News out of Russia seems to be getting more and more dire by the day, as hard line members have seemingly gained control over the Duma, the lower house of parliament, taking three-quarters of its 450 seats, its largest ever majority. And, according to the UK Telegraph, Russia plans to shake-up its security forces, reviving an old organization that conjures up the darkest days of the Cold War.
“[The] MGB (Ministry of State Security), would be created from the current Federal Security Service (FSB), and would incorporate the foreign intelligence service (SVR) and the state guard service (FSO), under the plans.
It would be handed all-encompassing powers once possessed by the KGB, the Kommersant newspaper said, citing security service sources.
Like the much-feared KGB, it would also oversee the prosecutions of Kremlin critics, a task currently undertaken by the Investigative Committee, headed by Alexander Bastrykin, a former university classmate of President Putin. The Kremlin has not commented.
The MGB is not a new designation. It was the name of the state security apparatus for eight years during Joseph Stalin’s bloody rule. It was renamed the KGB after Stalin’s death, and disbanded in 1991, following the collapse of the Soviet Union, when its powers were distributed among a number of newly-created security services.” This all comes less than 24 hours after taking a majority stake of the Duma.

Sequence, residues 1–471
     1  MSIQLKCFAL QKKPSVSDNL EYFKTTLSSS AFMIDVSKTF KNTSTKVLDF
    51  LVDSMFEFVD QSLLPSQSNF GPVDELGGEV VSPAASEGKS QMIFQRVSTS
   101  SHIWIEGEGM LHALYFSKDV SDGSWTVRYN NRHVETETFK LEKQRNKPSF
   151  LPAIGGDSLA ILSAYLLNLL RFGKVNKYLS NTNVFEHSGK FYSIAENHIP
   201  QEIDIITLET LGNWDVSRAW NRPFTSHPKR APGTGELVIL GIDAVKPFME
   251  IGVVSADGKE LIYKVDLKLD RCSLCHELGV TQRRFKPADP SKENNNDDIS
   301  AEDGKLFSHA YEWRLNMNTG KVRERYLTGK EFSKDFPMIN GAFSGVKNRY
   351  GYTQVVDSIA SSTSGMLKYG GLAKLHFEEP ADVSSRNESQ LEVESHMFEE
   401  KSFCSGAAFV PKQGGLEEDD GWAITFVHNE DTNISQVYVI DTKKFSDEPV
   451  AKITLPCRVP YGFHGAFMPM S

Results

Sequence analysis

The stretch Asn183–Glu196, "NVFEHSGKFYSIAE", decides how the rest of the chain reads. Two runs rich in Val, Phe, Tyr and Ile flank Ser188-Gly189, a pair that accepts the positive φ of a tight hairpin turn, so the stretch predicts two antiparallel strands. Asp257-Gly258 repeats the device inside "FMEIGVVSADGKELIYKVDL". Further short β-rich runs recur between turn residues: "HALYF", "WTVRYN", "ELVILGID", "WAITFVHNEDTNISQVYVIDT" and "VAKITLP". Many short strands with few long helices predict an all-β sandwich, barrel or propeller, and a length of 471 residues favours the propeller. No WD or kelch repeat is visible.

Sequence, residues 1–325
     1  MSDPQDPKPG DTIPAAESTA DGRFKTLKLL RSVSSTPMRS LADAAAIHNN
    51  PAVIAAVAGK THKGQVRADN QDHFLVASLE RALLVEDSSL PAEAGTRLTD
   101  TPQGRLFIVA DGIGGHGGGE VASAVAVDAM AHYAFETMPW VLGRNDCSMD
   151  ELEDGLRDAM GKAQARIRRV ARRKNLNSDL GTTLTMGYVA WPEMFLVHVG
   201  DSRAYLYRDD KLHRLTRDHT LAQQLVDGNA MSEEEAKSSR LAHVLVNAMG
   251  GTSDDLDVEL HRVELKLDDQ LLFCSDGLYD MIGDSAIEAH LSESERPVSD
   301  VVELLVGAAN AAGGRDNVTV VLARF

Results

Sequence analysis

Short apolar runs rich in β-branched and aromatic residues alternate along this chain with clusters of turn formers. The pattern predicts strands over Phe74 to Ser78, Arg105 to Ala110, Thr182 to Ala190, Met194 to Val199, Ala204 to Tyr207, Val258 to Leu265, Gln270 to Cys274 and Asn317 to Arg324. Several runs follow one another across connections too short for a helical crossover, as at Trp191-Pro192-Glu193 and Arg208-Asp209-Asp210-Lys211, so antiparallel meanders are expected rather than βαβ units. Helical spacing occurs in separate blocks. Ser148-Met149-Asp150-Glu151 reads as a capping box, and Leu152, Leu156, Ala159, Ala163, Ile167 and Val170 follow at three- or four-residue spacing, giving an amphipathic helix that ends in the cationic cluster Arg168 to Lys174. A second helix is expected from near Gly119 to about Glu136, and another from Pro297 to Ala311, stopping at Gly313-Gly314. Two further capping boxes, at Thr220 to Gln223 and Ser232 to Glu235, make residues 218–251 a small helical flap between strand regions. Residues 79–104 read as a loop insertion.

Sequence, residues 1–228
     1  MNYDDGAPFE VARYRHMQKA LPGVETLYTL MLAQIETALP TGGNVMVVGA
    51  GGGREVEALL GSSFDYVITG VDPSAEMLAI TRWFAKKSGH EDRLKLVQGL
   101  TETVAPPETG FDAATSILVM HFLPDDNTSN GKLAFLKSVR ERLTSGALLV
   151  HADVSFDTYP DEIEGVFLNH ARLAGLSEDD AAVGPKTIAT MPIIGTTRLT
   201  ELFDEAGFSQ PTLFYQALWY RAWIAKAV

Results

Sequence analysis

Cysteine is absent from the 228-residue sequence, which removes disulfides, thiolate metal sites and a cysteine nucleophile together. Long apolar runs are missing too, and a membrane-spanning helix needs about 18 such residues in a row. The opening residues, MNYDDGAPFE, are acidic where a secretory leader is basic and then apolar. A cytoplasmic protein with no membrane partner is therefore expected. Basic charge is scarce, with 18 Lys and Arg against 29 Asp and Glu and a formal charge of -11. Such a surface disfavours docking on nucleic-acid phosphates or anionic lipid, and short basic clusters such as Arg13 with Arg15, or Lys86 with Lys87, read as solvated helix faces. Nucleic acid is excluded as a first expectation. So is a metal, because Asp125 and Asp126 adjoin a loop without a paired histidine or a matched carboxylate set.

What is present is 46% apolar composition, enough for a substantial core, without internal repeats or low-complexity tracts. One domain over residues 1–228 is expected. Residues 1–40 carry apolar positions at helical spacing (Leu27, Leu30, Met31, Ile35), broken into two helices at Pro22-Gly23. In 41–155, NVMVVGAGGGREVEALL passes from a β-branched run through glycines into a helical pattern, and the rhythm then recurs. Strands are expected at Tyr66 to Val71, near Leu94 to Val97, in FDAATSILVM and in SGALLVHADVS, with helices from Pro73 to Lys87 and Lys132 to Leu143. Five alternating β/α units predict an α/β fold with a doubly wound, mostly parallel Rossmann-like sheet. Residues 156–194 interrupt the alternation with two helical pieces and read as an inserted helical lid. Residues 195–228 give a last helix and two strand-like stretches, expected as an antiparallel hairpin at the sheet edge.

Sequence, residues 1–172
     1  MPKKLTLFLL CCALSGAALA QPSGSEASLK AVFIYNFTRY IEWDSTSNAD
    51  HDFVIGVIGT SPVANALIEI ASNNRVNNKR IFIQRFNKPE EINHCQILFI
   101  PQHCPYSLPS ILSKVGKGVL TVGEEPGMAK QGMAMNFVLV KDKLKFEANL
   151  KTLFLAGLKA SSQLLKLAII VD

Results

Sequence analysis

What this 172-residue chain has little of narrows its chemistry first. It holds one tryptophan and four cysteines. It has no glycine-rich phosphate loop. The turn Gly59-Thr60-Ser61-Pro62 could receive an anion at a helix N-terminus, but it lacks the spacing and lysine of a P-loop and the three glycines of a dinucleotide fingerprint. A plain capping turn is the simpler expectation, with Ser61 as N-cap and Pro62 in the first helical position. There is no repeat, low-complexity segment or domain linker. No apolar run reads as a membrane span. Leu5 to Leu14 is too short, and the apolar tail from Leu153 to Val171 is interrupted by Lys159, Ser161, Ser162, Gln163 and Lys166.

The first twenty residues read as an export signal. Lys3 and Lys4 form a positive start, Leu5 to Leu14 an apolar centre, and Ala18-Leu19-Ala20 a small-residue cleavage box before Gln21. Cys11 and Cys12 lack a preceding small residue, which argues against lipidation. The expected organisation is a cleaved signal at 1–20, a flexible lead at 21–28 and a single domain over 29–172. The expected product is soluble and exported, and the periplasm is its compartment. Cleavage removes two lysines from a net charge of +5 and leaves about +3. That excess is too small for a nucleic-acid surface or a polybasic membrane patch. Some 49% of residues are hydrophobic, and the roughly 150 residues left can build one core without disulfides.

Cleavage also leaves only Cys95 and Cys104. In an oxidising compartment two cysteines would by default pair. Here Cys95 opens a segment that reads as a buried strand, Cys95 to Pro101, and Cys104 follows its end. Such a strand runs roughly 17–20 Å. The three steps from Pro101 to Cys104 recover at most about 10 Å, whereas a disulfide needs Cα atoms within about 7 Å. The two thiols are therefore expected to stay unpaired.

The history of the MGB is as feared as its role in the former Soviet Union. The MGB was just one of many incarnations of the Soviet State Security apparatus. Since the revolution, the Bolsheviks relied on a strong political police or security force to support and control their regime. During the Russian Civil War, the Cheka were in power, relinquishing it to the less violent State Political Directorate (GPU) in 1922 after the fighting was over. The GPU was then renamed The People’s Commissariat for Internal Affairs (NKVD) in 1934. From the mid-1930s and until the creation of the KGB, this “Organ of State Security” was re-organized and renamed multiple times depending on the needs and fears of the leadership. In 1941, the state-security function was separated from the NKVD and became the People’s Commissariat for State Security (NKGB), only to be reintegrated a few months later during the Nazi invasion of the Soviet Union. In 1943, the NKGB was once again made into an independent organization in response to the Soviet occupation of parts of Eastern Europe. SMERSH—anecdotally derived from a phrase translated as “Death to Spies”—which was designed to be a counter-intelligence unit within the Red Army to ensure the loyalty of the army personnel. Following the end of the war, both the NKVD and the NKGB were converted to ministries and redubbed the Ministry for Internal Affairs (MVD) and the Ministry for State Security (MGB). The MGB and MVD merged again in 1953, orchestrated by Lavrenty Beria, who was then arrested and executed. The KGB took on the mantle of the NKGB/ MGB and, in 1954, broke off from the reformed MVD.